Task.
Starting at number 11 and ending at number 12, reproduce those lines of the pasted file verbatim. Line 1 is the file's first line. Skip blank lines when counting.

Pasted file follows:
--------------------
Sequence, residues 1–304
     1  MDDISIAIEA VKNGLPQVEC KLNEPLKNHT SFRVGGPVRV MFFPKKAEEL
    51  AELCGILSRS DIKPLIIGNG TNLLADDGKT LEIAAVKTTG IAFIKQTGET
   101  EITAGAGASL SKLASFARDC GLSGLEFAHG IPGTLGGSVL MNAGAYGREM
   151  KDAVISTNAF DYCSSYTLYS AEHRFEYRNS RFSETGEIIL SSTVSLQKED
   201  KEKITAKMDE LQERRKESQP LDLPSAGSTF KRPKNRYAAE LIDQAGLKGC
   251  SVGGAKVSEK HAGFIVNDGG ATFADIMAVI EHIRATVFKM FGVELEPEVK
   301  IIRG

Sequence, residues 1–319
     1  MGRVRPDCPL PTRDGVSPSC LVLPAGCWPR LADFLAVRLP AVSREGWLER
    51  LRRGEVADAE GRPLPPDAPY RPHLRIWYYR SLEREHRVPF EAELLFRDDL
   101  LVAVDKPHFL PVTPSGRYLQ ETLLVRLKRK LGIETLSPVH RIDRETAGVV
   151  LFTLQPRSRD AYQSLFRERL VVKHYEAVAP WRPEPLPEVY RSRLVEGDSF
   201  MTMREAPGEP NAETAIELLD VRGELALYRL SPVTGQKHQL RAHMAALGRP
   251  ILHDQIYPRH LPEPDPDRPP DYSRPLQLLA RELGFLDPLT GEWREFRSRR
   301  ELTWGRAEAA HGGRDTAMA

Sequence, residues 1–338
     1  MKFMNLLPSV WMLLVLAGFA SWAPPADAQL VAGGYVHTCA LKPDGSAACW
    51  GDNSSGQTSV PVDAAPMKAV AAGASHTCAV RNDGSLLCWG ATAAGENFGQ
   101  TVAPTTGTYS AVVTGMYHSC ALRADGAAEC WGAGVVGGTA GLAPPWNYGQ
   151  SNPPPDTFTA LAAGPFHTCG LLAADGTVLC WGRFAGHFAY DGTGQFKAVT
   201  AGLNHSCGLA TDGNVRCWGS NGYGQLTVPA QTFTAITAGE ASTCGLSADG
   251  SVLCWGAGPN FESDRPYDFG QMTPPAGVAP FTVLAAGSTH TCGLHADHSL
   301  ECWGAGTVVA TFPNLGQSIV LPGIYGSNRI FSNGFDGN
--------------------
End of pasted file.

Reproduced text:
    51  LRRGEVADAE GRPLPPDAPY RPHLRIWYYR SLEREHRVPF EAELLFRDDL
   101  LVAVDKPHFL PVTPSGRYLQ ETLLVRLKRK LGIETLSPVH RIDRETAGVV